Michael Gerson has some interesting and useful comments on the solution to climate change in the Washington Post:
In 1975, Los Angeles exceeded the ozone standard 192 days out of the year -- meaning the choking smog was so bad that children, the elderly and the infirm were better off avoiding the risky practice of outdoor breathing. In 2005, the ozone standard was exceeded on just 27 days. Los Angeles has had 30 years of consistent improvement in reducing smog.
As conservatives would expect, these gains were largely the result of technology -- the catalytic converter in automobiles and reformulated gasoline -- and not by pedaling to work or undoing the Industrial Revolution. Smog was reduced mainly by innovation, not austerity.
But liberals are correct about something else: This technological progress would not have taken place as a result of the free market alone. Easterbrook argues that as long as producing pollution is a free good -- without cost to the polluter -- there is little economic incentive to produce new methods to restrict it. Federal and state regulations on auto emissions and air quality created an environment in which the invention of new technologies was economically necessary.
There are lessons here in the controversy over global warming. The debate is less and less about the existence of the problem itself. A consensus has hardened and broadened that global temperatures are increasing, that humans have contributed to the rise and that this is eventually a bad thing for the planet -- views held by the environmental movement and publicly affirmed by the current president. The differences come on whether these environmental changes are likely to be gradual and manageable or swift and apocalyptic. Here, the scientific computer simulations are complex and speculative, and their conclusions are sometimes wildly overplayed.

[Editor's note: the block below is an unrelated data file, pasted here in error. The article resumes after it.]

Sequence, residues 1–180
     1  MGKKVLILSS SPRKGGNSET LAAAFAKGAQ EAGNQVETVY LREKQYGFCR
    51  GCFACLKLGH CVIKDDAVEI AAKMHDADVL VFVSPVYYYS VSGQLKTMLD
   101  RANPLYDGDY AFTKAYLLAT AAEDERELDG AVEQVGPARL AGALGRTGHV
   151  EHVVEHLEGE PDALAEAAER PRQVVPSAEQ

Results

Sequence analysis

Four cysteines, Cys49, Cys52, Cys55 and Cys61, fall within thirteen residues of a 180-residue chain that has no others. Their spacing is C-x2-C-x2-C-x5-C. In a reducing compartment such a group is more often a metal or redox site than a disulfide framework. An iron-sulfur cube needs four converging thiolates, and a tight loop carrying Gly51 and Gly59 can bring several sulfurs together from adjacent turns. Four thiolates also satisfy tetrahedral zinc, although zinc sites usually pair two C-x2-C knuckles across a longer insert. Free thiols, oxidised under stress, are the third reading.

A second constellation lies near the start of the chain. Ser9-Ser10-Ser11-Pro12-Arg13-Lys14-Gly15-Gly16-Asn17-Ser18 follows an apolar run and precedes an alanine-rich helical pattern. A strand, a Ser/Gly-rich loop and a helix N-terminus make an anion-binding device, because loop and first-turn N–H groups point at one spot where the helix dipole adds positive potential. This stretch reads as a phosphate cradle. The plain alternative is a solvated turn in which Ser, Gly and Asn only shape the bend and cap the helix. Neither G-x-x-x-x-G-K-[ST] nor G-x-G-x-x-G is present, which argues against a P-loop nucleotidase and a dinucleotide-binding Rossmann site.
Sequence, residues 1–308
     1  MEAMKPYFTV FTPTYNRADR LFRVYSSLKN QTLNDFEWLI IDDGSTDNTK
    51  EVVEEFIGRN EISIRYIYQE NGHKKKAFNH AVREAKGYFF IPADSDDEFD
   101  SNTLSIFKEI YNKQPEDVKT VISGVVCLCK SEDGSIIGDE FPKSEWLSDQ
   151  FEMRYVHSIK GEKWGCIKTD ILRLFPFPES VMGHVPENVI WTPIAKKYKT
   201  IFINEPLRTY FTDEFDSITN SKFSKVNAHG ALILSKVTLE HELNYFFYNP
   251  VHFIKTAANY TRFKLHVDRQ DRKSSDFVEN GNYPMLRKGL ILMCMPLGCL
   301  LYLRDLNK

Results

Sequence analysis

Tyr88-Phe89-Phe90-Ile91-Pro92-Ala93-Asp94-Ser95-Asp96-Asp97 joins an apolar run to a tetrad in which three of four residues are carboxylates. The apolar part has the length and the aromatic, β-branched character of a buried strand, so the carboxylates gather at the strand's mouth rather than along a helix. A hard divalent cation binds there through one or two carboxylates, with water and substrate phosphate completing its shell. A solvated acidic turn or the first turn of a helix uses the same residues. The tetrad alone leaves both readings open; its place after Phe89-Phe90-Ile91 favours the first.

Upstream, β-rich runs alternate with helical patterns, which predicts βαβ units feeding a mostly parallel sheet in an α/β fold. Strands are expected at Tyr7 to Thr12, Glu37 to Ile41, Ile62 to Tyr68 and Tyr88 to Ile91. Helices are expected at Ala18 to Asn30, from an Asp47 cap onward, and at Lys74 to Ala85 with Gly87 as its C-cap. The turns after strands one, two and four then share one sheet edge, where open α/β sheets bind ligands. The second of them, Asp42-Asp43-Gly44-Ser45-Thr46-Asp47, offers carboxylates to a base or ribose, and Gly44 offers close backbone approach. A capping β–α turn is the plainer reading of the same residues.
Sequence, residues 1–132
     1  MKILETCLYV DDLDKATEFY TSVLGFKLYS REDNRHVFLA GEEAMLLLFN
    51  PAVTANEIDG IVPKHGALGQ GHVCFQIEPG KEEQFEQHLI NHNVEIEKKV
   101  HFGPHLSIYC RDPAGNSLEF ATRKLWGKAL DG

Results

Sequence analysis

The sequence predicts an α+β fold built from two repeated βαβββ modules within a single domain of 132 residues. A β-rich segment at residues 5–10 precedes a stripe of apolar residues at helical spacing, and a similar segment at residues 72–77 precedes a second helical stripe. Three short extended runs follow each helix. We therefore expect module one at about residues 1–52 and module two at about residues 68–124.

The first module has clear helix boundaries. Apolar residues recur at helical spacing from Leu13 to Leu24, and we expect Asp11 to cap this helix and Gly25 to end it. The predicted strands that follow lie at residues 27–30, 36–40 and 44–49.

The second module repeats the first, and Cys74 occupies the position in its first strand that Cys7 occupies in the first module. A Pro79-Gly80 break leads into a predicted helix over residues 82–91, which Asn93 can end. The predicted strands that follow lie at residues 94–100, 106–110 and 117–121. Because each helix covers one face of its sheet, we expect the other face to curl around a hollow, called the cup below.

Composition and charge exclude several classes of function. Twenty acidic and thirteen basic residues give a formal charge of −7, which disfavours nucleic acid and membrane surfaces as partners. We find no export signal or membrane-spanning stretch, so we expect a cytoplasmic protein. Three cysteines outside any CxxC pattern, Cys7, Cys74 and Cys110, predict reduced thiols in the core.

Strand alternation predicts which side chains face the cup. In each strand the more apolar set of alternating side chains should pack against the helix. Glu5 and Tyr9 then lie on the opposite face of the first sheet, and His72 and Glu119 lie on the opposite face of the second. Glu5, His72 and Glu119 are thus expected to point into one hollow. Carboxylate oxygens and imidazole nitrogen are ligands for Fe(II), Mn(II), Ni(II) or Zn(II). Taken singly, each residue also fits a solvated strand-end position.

Hysteria on the environment is a liberal temptation. Prudence, however, remains a conservative virtue, and it requires the issue of warming to be addressed.
But is it addressable? Would any politically feasible policy changes by Congress and the president make a dent in this trend? There is good reason for skepticism. American emissions of greenhouse gases such as carbon dioxide are only part of a global problem. China and India are quickly building new coal-fired power plants to sustain massive economic growth. According to one estimate, China surpassed the United States in the production of greenhouse gases last year. We are only at the beginning of globalization -- and right now, that process is inseparable from the burning of fossil fuels. American restrictions on greenhouse gases, in isolation, would not be decisive.
This is not, however, an excuse for inaction. There is another, more compelling reason to consider a cap on the production of carbon dioxide. As in the case of fighting Los Angeles smog, this type of government regulation would create economic incentives for the development of new technologies -- incentives that do not exist in the free market. Capturing and storing carbon dioxide from power plants, by all accounts, is a difficult technical challenge. But the problem is much more likely to be solved if someone has a direct economic interest in solving it.
Read it all here.
Given the experience in Europe, I remain deeply sceptical about cap and change proposals. I think that a carbon tax (coupled with a rebate to make the system revenue neutral) is a far more effective solution. Still, a cap proposal appear to be the only politically viable option right now, and some action is better than none. And, more importantly, i am happy that Gerson and I are arguing over the solution instead of the existence of the problem.